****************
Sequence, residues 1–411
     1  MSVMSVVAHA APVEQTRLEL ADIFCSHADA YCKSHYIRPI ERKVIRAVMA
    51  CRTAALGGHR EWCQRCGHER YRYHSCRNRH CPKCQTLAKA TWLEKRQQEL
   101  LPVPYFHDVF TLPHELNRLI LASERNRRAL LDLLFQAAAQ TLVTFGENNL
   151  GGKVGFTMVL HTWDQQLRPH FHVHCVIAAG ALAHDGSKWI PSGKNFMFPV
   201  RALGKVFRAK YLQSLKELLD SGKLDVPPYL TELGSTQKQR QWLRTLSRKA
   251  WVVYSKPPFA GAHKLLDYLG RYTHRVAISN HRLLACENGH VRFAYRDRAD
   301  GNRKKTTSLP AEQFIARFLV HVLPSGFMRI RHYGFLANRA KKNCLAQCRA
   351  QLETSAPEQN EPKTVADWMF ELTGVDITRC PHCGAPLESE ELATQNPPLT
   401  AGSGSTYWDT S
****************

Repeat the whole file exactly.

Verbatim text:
Sequence, residues 1–411
     1  MSVMSVVAHA APVEQTRLEL ADIFCSHADA YCKSHYIRPI ERKVIRAVMA
    51  CRTAALGGHR EWCQRCGHER YRYHSCRNRH CPKCQTLAKA TWLEKRQQEL
   101  LPVPYFHDVF TLPHELNRLI LASERNRRAL LDLLFQAAAQ TLVTFGENNL
   151  GGKVGFTMVL HTWDQQLRPH FHVHCVIAAG ALAHDGSKWI PSGKNFMFPV
   201  RALGKVFRAK YLQSLKELLD SGKLDVPPYL TELGSTQKQR QWLRTLSRKA
   251  WVVYSKPPFA GAHKLLDYLG RYTHRVAISN HRLLACENGH VRFAYRDRAD
   301  GNRKKTTSLP AEQFIARFLV HVLPSGFMRI RHYGFLANRA KKNCLAQCRA
   351  QLETSAPEQN EPKTVADWMF ELTGVDITRC PHCGAPLESE ELATQNPPLT
   401  AGSGSTYWDT S